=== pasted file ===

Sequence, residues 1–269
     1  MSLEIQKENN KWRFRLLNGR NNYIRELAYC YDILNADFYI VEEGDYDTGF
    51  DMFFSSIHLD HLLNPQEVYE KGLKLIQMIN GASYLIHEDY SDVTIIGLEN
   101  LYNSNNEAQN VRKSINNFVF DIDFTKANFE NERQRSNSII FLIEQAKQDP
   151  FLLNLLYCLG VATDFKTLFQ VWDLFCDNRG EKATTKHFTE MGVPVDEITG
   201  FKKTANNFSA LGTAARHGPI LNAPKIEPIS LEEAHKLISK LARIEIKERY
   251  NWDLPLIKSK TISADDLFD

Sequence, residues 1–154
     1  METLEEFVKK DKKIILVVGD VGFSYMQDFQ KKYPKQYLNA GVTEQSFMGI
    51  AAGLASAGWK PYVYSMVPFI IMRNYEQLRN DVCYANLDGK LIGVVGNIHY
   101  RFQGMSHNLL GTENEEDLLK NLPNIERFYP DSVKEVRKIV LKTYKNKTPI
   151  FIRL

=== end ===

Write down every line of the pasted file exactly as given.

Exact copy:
Sequence, residues 1–269
     1  MSLEIQKENN KWRFRLLNGR NNYIRELAYC YDILNADFYI VEEGDYDTGF
    51  DMFFSSIHLD HLLNPQEVYE KGLKLIQMIN GASYLIHEDY SDVTIIGLEN
   101  LYNSNNEAQN VRKSINNFVF DIDFTKANFE NERQRSNSII FLIEQAKQDP
   151  FLLNLLYCLG VATDFKTLFQ VWDLFCDNRG EKATTKHFTE MGVPVDEITG
   201  FKKTANNFSA LGTAARHGPI LNAPKIEPIS LEEAHKLISK LARIEIKERY
   251  NWDLPLIKSK TISADDLFD

Sequence, residues 1–154
     1  METLEEFVKK DKKIILVVGD VGFSYMQDFQ KKYPKQYLNA GVTEQSFMGI
    51  AAGLASAGWK PYVYSMVPFI IMRNYEQLRN DVCYANLDGK LIGVVGNIHY
   101  RFQGMSHNLL GTENEEDLLK NLPNIERFYP DSVKEVRKIV LKTYKNKTPI
   151  FIRL